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The ghost in the machine no longer is a ghost but a replication, a mantra for a new form of creation for making life possibilities that are beyond the grasp of death but not human despair.
A complex tale of machine replicating human consciousness and human environments, to sustain immortal consciousness in imperfect machine realities.
This is one of those ideas that are interesting but so full of paradoxes and possibilities of time restrictions, on not just the biological but the physicality of machines and cultures sustaining ideas of the past or possibility of maintaining a code for hundreds or thousands of years.
No matter how virtual your universe it is still in having a primary reality and physics, not to mention and everchanging culture and political influences that would not at all points in time respect the needs of virtual citizens or entities that do not share a common reality, for example, in the now we do not respect even beings that inhabit our reality.
And interesting mind exercise that was better developed by the movie Inception.
2 of 2 people found this review helpful
Where does Permutation City rank among all the audiobooks you’ve listened to so far?
The story and concepts are fantastic but is let down a little by the narration.
What other book might you compare Permutation City to, and why?
Islands in the Net or any Hard SciFi / Cyberpunk
What about Adam Epstein’s performance did you like?
There are a few comments here saying Adam Epstein's performance is terrible. While not the best performance in the world it was definitely listenable and once I got used to the way he narrated I began to listen to longer chunks and enjoy the narration.
Did you have an emotional reaction to this book? Did it make you laugh or cry?
Some of the concepts introduced in the book held my attention a lot more than the actual story.
Any additional comments?
Concepts gave me something to think about after I finished the book. Give it a chance and take your time with it.
2 of 3 people found this review helpful
I am torn. Greg Egan is arguably one of the greatest sci-fi authors of our time, and without reservation my favorite. Permutation City is an exemplary piece. I waited years for audible to release his works. When they did, I immediately went to purchase Diaspora, one of the best books, sci-fi or otherwise, that I've ever read. I clicked the sample audio button... and then checked to make sure it wasn't April 1st. Surely this was joke. I heard a whiny, nasal, mosquito buzzing voice, reading at kindergarten speed, and then using some of the most comically exaggerated and poorly executed accents I've ever encountered in a professional production. I then discovered to my horror that this narrator reads almost all of the newly released Greg Egan material. Give it a try. If the voice doesn't bother you, you are in for some seriously mind blowing hard sci-fi. If it does, pick up some of his books in another format. They are amazing.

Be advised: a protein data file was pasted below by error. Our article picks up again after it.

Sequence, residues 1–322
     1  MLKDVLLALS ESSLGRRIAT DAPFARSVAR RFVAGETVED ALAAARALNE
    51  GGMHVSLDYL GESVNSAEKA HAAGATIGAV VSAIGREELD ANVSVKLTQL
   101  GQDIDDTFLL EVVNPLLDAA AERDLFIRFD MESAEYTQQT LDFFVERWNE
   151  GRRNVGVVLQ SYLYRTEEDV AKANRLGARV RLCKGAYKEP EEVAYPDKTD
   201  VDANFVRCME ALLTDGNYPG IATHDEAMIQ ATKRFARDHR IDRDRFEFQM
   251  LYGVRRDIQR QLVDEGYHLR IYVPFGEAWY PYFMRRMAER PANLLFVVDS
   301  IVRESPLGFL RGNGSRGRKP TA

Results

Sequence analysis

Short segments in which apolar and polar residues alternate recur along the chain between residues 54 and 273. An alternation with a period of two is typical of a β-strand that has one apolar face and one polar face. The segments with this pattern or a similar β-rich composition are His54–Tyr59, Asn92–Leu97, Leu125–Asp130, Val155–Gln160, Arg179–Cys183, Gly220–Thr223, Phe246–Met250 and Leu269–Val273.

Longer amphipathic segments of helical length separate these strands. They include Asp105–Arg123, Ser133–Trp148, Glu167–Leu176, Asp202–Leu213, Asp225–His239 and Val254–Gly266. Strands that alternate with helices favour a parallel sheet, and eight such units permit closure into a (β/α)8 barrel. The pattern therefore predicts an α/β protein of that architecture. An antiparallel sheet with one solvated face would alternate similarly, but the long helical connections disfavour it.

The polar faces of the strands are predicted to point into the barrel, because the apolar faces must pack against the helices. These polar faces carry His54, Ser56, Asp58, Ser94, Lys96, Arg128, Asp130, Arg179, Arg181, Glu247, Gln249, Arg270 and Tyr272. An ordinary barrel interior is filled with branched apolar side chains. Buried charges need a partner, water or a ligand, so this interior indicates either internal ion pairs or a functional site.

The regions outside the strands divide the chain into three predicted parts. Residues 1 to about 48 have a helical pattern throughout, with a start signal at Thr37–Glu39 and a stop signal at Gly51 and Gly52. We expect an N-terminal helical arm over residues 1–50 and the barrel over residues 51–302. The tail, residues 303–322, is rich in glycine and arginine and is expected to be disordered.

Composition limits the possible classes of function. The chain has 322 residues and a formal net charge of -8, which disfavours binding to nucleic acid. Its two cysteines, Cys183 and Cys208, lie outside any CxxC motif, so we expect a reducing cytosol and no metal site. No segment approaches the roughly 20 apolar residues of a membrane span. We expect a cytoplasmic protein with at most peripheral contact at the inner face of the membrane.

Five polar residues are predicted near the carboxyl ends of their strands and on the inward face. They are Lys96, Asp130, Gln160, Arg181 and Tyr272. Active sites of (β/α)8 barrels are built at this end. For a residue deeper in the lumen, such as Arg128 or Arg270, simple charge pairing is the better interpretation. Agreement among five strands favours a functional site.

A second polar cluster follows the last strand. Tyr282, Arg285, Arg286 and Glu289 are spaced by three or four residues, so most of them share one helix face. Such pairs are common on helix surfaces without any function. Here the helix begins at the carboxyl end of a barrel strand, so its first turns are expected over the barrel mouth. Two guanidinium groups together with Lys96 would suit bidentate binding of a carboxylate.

If you dig, you can find an old cassette recording of Diaspora online. It is read by John Polk, and even with poor audio quality, is far superior to kindergarten audio-torture version offered by Audible.
13 of 13 people found this review helpful
What was most disappointing about Greg Egan’s story?
the publishing company must have printed the rough draft by mistake. major plot developments drop off and never picked back up, useless character have there stories re told multiple times and never contribute to the over all story, and the book end abruptly as though the author accidentally forgot the last third of the book somewhere.
What three words best describe Adam Epstein’s performance?
lackluster and weak. compared to the book itself this verbal recitation (wont call it a performance) is the least of my complaints, but won't be listening to books read out loud by this guy again.
Was Permutation City worth the listening time?
maybe - there were great concepts and moments in the book that gave it the potential to be very thought provoking. plenty of ethical and philosophical discussions on what defines a person and reality. i really lost myself in the world from time to time, but more often i noticed that the pacing was off and great ideas were being presented as major plot development only to be mentioned later in passing like the author forgot he was trying to do something with them. a story line that got repeated more than twice that added nothing to the story and should have been presented as a miner diversion at best was beat to death for some reason. overall i wanted this book to be great and maybe the final draft was, but that's not what i got to listen to.
3 of 3 people found this review helpful